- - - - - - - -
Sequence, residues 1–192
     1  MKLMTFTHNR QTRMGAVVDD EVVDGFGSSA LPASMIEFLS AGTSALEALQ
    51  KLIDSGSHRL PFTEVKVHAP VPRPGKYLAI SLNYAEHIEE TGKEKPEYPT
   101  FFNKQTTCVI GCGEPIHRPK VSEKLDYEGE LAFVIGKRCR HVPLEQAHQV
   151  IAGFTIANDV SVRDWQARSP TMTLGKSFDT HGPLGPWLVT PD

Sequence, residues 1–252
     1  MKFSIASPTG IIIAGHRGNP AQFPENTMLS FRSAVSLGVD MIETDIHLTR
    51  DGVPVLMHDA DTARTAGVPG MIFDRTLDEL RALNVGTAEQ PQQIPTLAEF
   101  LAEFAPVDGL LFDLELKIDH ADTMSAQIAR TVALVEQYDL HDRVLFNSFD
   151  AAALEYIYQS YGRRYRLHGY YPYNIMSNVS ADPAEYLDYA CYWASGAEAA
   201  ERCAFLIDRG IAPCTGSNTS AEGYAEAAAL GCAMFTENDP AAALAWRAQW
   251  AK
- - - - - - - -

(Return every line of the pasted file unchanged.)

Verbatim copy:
Sequence, residues 1–192
     1  MKLMTFTHNR QTRMGAVVDD EVVDGFGSSA LPASMIEFLS AGTSALEALQ
    51  KLIDSGSHRL PFTEVKVHAP VPRPGKYLAI SLNYAEHIEE TGKEKPEYPT
   101  FFNKQTTCVI GCGEPIHRPK VSEKLDYEGE LAFVIGKRCR HVPLEQAHQV
   151  IAGFTIANDV SVRDWQARSP TMTLGKSFDT HGPLGPWLVT PD

Sequence, residues 1–252
     1  MKFSIASPTG IIIAGHRGNP AQFPENTMLS FRSAVSLGVD MIETDIHLTR
    51  DGVPVLMHDA DTARTAGVPG MIFDRTLDEL RALNVGTAEQ PQQIPTLAEF
   101  LAEFAPVDGL LFDLELKIDH ADTMSAQIAR TVALVEQYDL HDRVLFNSFD
   151  AAALEYIYQS YGRRYRLHGY YPYNIMSNVS ADPAEYLDYA CYWASGAEAA
   201  ERCAFLIDRG IAPCTGSNTS AEGYAEAAAL GCAMFTENDP AAALAWRAQW
   251  AK